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Simple things can make the biggest difference in the DRC

DR Congo, June 19, 2009

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  <span class="field-credit">
    Dee Goluba/Mercy Corps  </span>
    IDP camp residents building a fuel-efficient stove. Photo: Dee Goluba/Mercy Corps

When asked by family or friends after a field visit, "How was your trip?" or "What's new in Africa?" I'm often guilty of giving oversimplified responses, though I realize our programs go way beyond "fine" and "interesting."

For example, the Democratic Republic of the Congo (DRC) is one of the more interesting and complex places on the planet. It's hard to sum up years of conflict, more than five million conflict-related deaths, thousands of displaced people, and the beauty of the country and its people in a few words.

Fighting in North Kivu Province of the DRC has displaced tens of thousands of Congolese. IDP camps and the local population currently host more than 100,000 people. This population influx would create a strain on resources under any circumstances, but has become a critical issue in the DRC where the IDP camps in the Goma area border Virunga National Park — one of the most important ecological sites on the African continent.

Virunga National Park is not only home to two of the earth's most active volcanoes, the only mountain glaciers in Africa, and the almost extinct mountain gorilla, its forests are the major source of charcoal for the city of Goma. Charcoal is widely used as cooking fuel, and its production has been leading to a loss of forest cover for decades.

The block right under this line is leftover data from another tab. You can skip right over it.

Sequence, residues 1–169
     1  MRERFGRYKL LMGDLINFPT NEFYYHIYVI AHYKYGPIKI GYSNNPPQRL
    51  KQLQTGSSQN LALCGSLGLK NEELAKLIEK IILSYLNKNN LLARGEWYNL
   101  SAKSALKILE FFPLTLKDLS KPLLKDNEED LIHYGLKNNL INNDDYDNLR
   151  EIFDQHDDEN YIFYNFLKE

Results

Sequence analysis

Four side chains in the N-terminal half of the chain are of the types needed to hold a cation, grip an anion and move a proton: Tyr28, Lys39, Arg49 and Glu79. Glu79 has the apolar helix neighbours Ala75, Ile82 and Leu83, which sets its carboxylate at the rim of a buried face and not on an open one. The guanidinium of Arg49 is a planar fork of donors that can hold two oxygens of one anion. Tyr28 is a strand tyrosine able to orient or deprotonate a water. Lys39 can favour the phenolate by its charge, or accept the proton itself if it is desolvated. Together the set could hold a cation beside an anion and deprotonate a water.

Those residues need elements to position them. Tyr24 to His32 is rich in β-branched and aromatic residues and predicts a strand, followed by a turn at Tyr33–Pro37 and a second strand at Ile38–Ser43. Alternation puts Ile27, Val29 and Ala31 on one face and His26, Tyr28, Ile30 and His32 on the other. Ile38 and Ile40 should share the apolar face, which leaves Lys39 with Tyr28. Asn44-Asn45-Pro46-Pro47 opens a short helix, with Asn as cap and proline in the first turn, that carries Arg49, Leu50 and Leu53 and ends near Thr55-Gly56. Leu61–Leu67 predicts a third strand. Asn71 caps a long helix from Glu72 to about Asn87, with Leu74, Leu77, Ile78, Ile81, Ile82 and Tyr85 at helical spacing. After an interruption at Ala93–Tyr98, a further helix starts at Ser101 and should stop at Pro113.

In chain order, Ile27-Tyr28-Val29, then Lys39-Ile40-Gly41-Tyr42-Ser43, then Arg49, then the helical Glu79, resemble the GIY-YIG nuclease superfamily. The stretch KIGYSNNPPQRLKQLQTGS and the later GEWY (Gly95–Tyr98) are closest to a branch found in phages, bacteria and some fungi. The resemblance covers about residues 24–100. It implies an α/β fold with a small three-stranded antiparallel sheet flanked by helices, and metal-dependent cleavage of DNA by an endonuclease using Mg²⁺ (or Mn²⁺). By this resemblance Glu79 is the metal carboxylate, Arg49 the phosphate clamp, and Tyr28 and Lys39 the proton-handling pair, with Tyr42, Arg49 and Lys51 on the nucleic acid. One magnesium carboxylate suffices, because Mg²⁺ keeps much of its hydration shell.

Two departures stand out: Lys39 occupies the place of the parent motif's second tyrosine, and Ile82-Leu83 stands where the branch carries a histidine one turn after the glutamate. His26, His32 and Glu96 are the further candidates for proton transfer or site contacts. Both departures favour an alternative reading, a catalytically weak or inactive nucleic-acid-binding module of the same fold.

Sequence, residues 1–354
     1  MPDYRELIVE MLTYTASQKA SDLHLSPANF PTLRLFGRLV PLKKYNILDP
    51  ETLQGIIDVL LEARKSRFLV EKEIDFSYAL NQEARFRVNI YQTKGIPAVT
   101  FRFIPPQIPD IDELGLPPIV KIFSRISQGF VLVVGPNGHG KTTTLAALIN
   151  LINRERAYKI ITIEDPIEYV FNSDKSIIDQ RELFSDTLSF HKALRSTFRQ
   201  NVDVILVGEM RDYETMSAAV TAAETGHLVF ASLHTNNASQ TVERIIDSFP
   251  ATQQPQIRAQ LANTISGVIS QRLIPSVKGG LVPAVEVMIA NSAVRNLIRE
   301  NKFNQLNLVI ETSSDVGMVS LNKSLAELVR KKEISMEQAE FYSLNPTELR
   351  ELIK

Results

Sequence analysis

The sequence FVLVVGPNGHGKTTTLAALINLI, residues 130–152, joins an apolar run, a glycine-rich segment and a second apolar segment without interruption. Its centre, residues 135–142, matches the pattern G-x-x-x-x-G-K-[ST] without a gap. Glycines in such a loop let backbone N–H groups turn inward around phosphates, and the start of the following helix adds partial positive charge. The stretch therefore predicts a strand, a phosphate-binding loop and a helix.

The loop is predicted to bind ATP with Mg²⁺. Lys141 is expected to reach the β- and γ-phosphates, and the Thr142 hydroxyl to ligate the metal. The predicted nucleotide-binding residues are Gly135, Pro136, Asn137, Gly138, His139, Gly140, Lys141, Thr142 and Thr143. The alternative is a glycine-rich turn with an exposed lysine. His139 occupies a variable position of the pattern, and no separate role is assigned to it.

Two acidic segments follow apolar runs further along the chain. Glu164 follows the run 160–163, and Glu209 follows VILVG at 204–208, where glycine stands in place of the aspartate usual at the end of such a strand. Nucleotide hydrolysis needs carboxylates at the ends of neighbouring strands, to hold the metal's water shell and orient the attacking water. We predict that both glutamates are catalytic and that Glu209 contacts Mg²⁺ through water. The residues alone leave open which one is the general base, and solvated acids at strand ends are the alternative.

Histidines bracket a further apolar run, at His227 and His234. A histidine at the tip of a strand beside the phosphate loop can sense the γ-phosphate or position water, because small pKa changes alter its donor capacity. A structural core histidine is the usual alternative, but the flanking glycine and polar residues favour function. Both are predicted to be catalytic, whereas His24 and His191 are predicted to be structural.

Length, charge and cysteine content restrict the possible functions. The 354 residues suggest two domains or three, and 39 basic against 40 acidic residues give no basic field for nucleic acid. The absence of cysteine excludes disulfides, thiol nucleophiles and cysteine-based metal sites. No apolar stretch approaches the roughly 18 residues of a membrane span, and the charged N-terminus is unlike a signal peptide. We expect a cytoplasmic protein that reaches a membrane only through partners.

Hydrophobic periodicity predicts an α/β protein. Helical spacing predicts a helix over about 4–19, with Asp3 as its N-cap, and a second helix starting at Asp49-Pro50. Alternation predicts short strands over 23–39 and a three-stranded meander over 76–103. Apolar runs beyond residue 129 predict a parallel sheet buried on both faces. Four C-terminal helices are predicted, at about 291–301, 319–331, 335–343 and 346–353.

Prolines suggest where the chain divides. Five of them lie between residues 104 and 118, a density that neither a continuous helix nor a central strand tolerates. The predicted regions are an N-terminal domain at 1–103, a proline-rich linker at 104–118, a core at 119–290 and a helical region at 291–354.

Last month, I had the chance to visit IDP camps where Mercy Corps is implementing an environmental program. What started as a fuel-efficient stove pilot project in 2007 has expanded to include firewood distributions, seedling nurseries, reforestation activities, and environmental education.

So far, Mercy Corps has provided fuel-efficient stoves to 20,000 displaced families. Rather than using charcoal, these stoves burn either wood or biomass briquettes and only needs half the cooking fuel required by traditional stoves. These stoves also emit less black carbon than traditional cooking methods.

Overall, the program has been a hit. Beneficiaries I spoke with were ecstatic about the cost and time savings they're realizing. I met with several women and asked what they are doing with the money that they would have used otherwise on firewood. One woman told me that she's able to buy more food for her family, another told me that she can afford to take her daughter to the health center when she falls ill.

Even in a country as complex as the Congo, it's sometimes the simple things that make the biggest difference.